The Pharisee, like those to whom Jesus is speaking, “looked down on everyone else” (v9) and persuaded himself that he was good when in reality he was simply not as bad as some. But the tax collector, conscious of his own failing and weakness, knows he has nothing to stand on unless God has mercy on him. He knows what is true for everyone: acceptance by God always depends on God’s mercy.
The good man sees the difference between himself and the tax collector – and there is a great difference between them – but he does not see how they are the same. They both need God’s mercy.
The Cross of Jesus casts its shadow back over this parable. The wicked man is able to receive mercy because God’s mercy was poured out when Jesus died on the Cross, in our place, for our sins.
The bulls that were sacrificed in the Temple, where the men had come to pray, were just a symbol for the real thing. But when Jesus came he offered his sinless life on the Cross in place of our sinful lives. He took what we deserved so that we could have what we do not deserve – mercy, forgiveness, peace with God.
There is mercy in the death that Jesus dies and there is eternity in the resurrection that Jesus wins. God will welcome all who look away from themselves and look to Jesus.
What the news does to us
Ifacedeatheveryday—yes,justassurelyasIboastaboutyouinChristJesusourLord. IfIfoughtwildbeastsinEphesuswithnomorethanhumanhopes,whathave for tomorrow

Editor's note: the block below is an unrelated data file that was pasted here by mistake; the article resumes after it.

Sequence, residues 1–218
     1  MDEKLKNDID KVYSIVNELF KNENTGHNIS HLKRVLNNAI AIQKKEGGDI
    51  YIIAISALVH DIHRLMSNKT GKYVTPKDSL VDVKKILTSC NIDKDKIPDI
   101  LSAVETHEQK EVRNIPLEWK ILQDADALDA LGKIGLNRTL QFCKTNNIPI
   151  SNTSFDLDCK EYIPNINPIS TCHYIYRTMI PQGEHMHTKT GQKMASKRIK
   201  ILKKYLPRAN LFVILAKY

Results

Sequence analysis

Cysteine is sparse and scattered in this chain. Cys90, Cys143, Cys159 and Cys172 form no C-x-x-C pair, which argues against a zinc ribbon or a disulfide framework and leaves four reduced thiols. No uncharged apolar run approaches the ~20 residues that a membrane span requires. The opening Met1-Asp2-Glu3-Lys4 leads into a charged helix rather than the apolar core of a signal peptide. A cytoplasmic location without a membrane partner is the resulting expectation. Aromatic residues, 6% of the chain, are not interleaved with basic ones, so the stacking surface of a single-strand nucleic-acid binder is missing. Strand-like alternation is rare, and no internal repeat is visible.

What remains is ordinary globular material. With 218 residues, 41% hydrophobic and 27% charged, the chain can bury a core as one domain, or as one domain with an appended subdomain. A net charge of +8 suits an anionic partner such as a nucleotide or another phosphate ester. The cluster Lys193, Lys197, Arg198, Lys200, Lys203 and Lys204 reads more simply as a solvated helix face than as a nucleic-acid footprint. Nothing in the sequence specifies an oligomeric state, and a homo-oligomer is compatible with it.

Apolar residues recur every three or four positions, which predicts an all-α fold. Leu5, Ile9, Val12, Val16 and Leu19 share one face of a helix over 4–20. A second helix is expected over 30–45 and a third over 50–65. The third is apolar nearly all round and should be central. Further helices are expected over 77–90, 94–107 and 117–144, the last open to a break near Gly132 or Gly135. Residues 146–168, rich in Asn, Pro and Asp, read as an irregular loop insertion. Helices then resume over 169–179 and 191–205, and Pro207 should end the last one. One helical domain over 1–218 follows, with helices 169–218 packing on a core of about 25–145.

brothers and sisters, I toremindyouofthegospel preachedtoyou,whichyoureceived andonwhichyouhavetakenyourstand. thisgospelyouaresaved,ifyouholdfirmlytothe wordIpreachedtoyou.Otherwise,youhavebelievedin ForwhatIreceivedIpassedontoyouasoffirstimportance: that diedforoursinsaccordingtotheScriptures,thathewasburied,thathewas raisedonthethirddayaccordingtotheScriptures,andthatheappearedtoCephas, thentotheTwelve.Afterthat,heappearedtomorethanfivehundredofthebrothersandsisters thesametime,mostofwhomarestillliving,thoughsomehavefallenasleep.ThenheappearedtoJames, thentoalltheapostles,andlastofallheappearedtomealso,astooneabnormallyborn.ForIamtheleast oftheapostlesanddonotevendeservetobecalledanapostle,becauseIpersecutedthechurchofGod.But bythegraceofGodIamwhatIam,andhisgracetomewasnotwithouteffect.No,Iworkedharderthan allofthem—yetnotI,butthegraceofGodthatwaswithme.Whether,then,itisIorthey,thisiswhatwe preach,andthisiswhatyoubelieved.ButifitispreachedthatChristhasbeenraisedfromthedead,how cansomeofyousaythatthereisnoresurrectionofthedead?Ifthereisnoresurrectionofthedead,then notevenChristhasbeenraised.AndifChristhasnotbeenraised,ourpreachingisuselessandsoisyour faith. More than that, we are then found to be false witnesses about God, for we have testified about God that he raised Christ from the dead. But he did not raise him if in fact the dead are not raised. For if the dead are not raised, then Christ has not been raised either.AndifChristhasnotbeenraised,yourfaithis futile;youarestillinyoursins.ThenthosealsowhohavefallenasleepinChristarelost.Ifonlyforthislife wehavehopeinChrist,weareofallpeoplemosttobepitied.ButChristhasindeedbeenraisedfromthe dead,thefirstfruitsofthosewhohavefallenasleep.Forsincedeathcamethroughaman,theresurrection ofthedeadcomesalsothroughaman.ForasinAdamalldie,soinChristallwillbemadealive.Buteach inturn:Christ,thefirstfruits;then,whenhecomes,thosewhobelongtohim.Then the end will come, when hehandsoverthekingdomtoGodtheFatherafterhehasdestroyedalldominion,authorityandpower.For “hashemustreignuntilhehasputallhisenemiesunderhisfeet.Thelastenemytobedestroyedisdeath.For puteverythingunderhisfeet.”Nowwhenitsaysthat“everything”hasbeenputunderhim,itisclear thatthisdoesnotincludeGodhimself,whoputeverythingunderChrist.Whenhehasdonethis,thenthe Sonhimselfwillbemadesubjecttohimwhoputeverythingunderhim,sothatGodmaybeallinall.Now ifthereisnoresurrection,whatwillthosedowhoarebaptisedforthedead?Ifthedeadarenotraisedat all,whyarepeoplebaptisedforthem?Andasforus,whydoweendangerourselveseveryhour?